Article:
Tucson & Mexico
My wife and I pass by the Tom Mix Memorial frequently. It lies on the long lonely desert Highway 79 between Florence and Catalina, Arizona. One overcast afternoon we took the time to stop at the spot where he died in a car wreck in 1940. Oddly enough this image was taken with the 1940's Argoflex, a popular camera of that time.
Tom Mix was the greatest of the silent-era movie cowboys, and a cowboy in real-life as well. He reportedly could knock a button off of a shirt with a rifle shot, and jump a horse into a railroad box car. He was married seven times to six different women.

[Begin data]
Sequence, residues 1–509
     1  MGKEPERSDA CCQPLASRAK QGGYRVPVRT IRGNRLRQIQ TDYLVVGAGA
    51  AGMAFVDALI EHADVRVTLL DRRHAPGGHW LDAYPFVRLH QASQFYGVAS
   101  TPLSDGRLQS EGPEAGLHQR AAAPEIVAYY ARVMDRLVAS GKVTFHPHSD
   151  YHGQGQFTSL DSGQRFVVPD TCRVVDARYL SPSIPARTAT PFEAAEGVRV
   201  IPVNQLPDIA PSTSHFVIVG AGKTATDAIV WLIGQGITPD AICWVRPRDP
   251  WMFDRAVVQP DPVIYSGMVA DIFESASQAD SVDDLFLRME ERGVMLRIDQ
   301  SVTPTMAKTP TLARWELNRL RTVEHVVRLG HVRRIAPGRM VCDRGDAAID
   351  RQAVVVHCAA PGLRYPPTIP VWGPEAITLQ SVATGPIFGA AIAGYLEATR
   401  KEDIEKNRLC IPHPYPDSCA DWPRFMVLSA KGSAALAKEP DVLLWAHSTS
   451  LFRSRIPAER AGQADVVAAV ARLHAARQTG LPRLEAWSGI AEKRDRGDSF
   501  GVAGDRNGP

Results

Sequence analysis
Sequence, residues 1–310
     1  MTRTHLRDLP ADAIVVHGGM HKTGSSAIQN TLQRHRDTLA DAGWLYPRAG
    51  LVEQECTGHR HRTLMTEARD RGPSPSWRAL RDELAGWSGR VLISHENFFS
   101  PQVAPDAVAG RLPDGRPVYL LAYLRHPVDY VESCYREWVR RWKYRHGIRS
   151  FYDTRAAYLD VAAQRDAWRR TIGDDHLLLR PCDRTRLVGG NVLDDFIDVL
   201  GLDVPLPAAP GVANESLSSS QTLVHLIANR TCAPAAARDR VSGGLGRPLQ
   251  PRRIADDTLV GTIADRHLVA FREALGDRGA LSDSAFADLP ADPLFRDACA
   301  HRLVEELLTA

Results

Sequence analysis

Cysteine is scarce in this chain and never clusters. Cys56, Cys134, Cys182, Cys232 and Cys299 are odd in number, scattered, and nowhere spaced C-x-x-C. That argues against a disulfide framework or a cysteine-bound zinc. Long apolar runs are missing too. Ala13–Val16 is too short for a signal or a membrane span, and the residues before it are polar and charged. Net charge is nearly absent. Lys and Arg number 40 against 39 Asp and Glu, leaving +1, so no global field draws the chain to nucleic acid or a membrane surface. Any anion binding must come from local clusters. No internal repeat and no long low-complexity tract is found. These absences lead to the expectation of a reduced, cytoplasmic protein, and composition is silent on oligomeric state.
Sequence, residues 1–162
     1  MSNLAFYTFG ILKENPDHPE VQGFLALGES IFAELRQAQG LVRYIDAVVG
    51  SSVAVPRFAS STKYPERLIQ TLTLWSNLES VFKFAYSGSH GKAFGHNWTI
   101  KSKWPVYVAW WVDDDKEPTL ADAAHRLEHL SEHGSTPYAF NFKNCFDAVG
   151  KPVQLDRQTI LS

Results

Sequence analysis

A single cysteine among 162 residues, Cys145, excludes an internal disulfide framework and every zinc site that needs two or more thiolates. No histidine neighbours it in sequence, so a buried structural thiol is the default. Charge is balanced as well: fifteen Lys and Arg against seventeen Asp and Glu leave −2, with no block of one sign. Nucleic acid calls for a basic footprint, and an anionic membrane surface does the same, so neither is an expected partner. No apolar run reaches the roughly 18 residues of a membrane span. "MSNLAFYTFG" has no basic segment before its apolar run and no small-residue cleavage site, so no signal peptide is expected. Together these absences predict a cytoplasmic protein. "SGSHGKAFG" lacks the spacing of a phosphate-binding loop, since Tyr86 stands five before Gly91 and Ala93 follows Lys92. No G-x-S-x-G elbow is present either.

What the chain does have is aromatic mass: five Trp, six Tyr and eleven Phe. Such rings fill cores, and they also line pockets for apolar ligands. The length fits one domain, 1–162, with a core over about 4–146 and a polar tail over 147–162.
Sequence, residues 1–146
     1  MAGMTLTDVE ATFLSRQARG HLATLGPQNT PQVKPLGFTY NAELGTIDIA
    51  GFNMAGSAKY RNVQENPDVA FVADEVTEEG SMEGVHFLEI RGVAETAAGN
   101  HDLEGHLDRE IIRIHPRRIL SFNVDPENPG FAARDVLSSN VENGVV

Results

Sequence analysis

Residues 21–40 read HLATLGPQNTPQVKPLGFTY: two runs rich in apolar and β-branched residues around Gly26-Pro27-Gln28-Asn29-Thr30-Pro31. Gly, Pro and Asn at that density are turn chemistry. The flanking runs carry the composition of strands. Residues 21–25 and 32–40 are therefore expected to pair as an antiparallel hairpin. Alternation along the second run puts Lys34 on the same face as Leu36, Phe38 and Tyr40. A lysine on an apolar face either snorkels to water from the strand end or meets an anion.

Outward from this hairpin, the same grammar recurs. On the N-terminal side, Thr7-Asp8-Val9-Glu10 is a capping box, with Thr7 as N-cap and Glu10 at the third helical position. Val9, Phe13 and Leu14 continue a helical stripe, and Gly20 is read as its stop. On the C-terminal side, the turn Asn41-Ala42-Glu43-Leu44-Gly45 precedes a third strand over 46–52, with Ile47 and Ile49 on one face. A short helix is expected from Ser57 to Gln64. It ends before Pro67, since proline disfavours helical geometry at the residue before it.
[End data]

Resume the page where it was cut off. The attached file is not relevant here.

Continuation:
But Tom was 60 years old on October 12, 1940, and behind the wheel of a V8 convertible, not in a saddle, when he decided to race north across the Arizona desert to visit his son-in-law. No one knows how fast he was going when he saw the road repair crew, but some say that he was standing straight up on the brakes, trying to stop, when his car flew into the washed-out gully. Tom's aluminum suitcase was thrown out of the back seat and into the back of Tom's head (He was wearing his trademark 10-gallon white Stetson at the time). Mix emerged apparently unscathed from the car -- which was not badly damaged -- took one step, and crumpled, dead of a broken neck.